Photo by Todd McNaught
One Friday each month, a group of women check in at the fourth-floor reception desk of the Seattle Cancer Care Alliance. They travel from as near as Edmonds and as far as Billings, Mont., to consult with a team of breast- and ovarian-cancer specialists who will review medical records, evaluate mammograms and discuss options for follow-up care.
At first glance, the clinic visitors appear similar to any other Alliance patient who seeks a consultation for one of these cancers. Yet a quick look at their health status reveals a difference: Most of these women don't have breast or ovarian cancer. If Dr. Elizabeth Swisher's team achieves its objective, none of them ever will.
Swisher, an assistant professor of gynecologic oncology at the University of Washington, is the new director of the Alliance's Breast and Ovarian Cancer Prevention Program, a multidisciplinary clinic for women at high risk for developing either or both cancers.
The Alliance clinic is one of only a handful around the country providing a full menu of services for this population of women, Swisher said.
"There are many places where women can have their risk of developing cancer evaluated," she said. "But after providing women with a risk assessment, the question becomes, what do you do with that information?"
In a field this new, the answers continue to evolve, Swisher said. Although options to minimize cancer risk-which range from vigilant surveillance to prophylactic surgery to remove the breasts or ovaries-may differ for each patient, the goal is to provide every woman who comes for a consult with a cancer-prevention plan that she can take back to her primary-care physician.
"We work with a woman's primary provider to implement the plan," Swisher said. "It's unreasonable to expect primary-care providers to keep up with the latest in cancer-prevention research."
The clinic was founded in 1998 under the guidance of Dr. Julie Gralow, associate professor of medical oncology at the UW. Each year, the clinic sees about 60 women who have strong family histories of the diseases or medical conditions that may increase their cancer risk, such as a prior diagnosis of breast cancer or atypical breast lesions.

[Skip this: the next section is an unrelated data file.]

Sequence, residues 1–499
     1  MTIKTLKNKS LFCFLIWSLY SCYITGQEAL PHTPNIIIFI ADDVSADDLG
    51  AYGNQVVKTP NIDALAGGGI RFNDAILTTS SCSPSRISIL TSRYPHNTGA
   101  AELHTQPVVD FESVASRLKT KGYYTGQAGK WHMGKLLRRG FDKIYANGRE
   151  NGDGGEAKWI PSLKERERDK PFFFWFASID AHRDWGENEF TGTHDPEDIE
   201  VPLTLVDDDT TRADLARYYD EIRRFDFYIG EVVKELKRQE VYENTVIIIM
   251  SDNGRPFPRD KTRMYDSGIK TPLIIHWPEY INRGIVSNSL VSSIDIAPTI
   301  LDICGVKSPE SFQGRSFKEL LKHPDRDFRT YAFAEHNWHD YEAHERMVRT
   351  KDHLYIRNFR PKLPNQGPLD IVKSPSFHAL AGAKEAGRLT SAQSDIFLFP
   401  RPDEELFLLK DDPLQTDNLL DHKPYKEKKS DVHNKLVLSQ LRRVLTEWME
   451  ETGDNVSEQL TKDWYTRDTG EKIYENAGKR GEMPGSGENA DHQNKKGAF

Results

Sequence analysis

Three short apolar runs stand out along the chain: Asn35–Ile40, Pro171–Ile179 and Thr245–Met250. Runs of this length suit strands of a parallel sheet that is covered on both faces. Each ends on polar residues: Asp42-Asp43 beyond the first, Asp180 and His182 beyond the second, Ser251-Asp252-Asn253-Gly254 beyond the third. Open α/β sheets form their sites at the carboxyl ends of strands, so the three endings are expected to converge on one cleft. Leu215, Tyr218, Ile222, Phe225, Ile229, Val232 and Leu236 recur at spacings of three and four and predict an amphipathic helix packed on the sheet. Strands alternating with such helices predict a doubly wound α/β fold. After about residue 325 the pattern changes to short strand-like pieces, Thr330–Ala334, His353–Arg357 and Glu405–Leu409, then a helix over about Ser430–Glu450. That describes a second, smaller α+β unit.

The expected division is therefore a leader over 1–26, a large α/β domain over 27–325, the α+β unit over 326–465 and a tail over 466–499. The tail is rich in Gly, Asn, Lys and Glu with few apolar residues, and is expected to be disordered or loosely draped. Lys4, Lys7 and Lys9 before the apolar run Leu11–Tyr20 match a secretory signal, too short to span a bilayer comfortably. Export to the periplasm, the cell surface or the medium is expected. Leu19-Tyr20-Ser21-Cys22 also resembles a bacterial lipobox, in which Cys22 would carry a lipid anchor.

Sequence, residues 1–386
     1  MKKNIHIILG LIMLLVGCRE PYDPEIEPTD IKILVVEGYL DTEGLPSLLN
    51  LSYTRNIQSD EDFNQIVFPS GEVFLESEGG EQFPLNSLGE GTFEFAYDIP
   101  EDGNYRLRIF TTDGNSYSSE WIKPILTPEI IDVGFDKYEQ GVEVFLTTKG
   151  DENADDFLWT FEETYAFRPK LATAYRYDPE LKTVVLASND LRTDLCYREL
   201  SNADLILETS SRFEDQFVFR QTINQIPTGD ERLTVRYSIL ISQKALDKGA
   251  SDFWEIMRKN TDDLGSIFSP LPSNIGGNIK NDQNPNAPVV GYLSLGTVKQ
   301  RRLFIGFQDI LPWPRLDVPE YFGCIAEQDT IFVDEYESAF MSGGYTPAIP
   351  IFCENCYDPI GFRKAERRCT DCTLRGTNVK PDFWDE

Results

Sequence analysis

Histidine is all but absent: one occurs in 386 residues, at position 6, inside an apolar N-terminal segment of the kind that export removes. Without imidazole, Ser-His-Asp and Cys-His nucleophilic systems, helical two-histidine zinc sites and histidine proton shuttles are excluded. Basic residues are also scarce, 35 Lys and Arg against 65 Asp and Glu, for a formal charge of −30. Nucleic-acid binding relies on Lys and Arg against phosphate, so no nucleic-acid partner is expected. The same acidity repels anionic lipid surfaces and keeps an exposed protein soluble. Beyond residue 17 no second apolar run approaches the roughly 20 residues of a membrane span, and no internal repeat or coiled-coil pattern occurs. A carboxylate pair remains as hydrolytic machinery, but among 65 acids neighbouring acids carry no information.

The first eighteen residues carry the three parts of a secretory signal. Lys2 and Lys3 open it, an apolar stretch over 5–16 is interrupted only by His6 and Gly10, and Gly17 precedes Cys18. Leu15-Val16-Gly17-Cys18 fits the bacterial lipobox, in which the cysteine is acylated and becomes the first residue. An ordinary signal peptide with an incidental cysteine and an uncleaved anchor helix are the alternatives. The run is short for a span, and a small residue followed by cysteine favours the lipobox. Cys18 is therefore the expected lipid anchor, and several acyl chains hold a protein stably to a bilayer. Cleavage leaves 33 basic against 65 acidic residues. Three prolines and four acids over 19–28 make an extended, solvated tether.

Unlike women in the general population, who have about a 10 percent chance of developing breast cancer and 1 percent to 2 percent chance of developing ovarian cancer, the women who visit the Alliance program can be at much greater risk. For individuals who have inherited cancer-predisposing forms of certain genes, the chance of developing breast cancer may be as high as 85 percent and for ovarian cancer, the risk is up to 40 percent.
Not even the most experienced physician can guarantee an individual will never develop cancer. But the specialists who staff the Alliance clinic believe that by arming a woman with a realistic cancer-risk assessment and a personalized prescription for preventive care, they can increase her odds of remaining disease-free or of having her cancer, should it ever occur, diagnosed at an early and more treatable stage.
Women at risk
Designing an individualized plan for a woman begins with a thorough medical evaluation. Although each woman's situation is unique, visitors to the clinic tend to fall into one or more of three high-risk categories.
About 80 percent of those who visit the clinic have a genetic predisposition to one or both cancers and often have multiple relatives on one side of their families who have been diagnosed with breast cancer or ovarian cancer. In most cases, this inherited-cancer syndrome is attributable to mutations in either of two genes known as BRCA1 and BRCA2. Women can undergo genetic tests to determine whether they carry a mutation in one of these genes.